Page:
For more information or advice on the OSHA standards and enforcement during the pandemic, please contact the author. Additional information regarding working during the COVID-19 pandemic can be found in Jenner & Block’s Corporate Environmental Lawyer blog and in the Jenner & Block COVID-19 Resource Center.


Analysis of Recent and Forthcoming State Legislation on Toxic Chemicals in Cosmetics and Personal Care Products and Preemptive Effects of Existing Federal Legislation

Lawson




By
Matthew G. Lawson

  1. Introduction

According to a report released in February 2021 by the organization Safer States, at least 27 US states will consider proposed legislation to regulate toxic chemicals in 2021. While a large driver of the proposed state laws is growing public concern over drinking water contamination from “emerging contaminants,” including PFAS (per- and polyfluorinated alkyl substances) and 1,4-dioxane, a secondary focus has been to minimize the risk of adverse human health effects from exposure to these toxic chemicals in cosmetics and personal care products. Two states—New York and California—are spearheading these efforts through recently enacted laws to limit or prohibit certain toxic chemicals in cosmetics and personal care products that are set to take effect in 2022 and 2025, respectively. As other states consider their own bills to enact similar regulation of chemicals in cosmetics and personal care products, heightened attention will likely be paid to what extent the existing federal regulation of these products may preempt this new wave of state legislation.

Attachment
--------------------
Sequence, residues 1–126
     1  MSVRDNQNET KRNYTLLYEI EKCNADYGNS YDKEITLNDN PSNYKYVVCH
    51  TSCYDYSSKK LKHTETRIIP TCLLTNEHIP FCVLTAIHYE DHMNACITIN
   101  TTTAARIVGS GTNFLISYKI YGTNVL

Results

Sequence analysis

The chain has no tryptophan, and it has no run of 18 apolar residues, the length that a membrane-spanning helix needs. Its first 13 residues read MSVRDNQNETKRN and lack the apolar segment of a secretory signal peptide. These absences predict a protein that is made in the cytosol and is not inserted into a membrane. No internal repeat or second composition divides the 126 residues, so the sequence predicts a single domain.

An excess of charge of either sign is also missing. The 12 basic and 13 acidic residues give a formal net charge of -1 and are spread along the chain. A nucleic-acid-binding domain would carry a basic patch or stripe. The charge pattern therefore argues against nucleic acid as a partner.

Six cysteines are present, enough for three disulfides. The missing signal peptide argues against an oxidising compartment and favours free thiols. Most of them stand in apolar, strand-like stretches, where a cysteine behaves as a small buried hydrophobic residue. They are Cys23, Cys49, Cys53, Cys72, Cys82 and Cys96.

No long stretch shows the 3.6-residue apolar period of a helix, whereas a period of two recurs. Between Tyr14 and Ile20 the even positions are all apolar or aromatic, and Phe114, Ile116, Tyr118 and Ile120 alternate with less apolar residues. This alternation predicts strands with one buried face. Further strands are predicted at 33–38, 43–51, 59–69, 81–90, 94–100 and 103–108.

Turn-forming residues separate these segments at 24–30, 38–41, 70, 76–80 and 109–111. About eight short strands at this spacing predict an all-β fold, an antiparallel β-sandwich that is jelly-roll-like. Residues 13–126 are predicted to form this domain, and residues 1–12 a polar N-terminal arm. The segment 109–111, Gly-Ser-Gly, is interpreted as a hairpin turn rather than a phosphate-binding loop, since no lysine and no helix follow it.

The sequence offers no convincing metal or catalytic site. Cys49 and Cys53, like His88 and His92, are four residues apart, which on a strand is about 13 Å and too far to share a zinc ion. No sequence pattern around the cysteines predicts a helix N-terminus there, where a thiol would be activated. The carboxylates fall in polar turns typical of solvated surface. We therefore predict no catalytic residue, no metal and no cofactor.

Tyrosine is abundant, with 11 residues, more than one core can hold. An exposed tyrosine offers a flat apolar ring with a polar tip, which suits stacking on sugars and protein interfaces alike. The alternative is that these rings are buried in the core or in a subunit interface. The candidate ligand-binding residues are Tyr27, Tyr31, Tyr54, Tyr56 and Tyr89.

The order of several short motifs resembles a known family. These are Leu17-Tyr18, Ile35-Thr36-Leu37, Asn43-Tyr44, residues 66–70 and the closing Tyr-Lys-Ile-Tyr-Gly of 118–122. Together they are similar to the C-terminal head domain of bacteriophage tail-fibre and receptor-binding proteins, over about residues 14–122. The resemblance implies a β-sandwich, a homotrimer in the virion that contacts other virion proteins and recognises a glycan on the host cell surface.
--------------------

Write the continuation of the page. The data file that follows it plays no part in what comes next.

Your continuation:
1. Federal Regulation of Chemicals in Cosmetics and Personal Care Products

At the federal level, chemicals used in cosmetics and other personal care products are primarily regulated by either the Toxic Substrates Control Act (TSCA) or the Federal Food, Drug, and Cosmetic Act (FD&C Act). While TSCA broadly applies to any “chemical substance,” certain chemicals or uses of chemicals are exempt from TSCA if they are regulated by other federal statutes. Such products include “cosmetics” regulated by the FD&C Act, which are defined as “articles intended to be rubbed, poured, sprinkled, or sprayed on, introduced into, or otherwise applied to the human body...for cleansing, beautifying, promoting attractiveness, or altering the appearance.” While the distinction between a cosmetic and personal care product may not always be apparent to the consumer, the difference is crucial with respect to federal oversight of the chemicals contained in the product.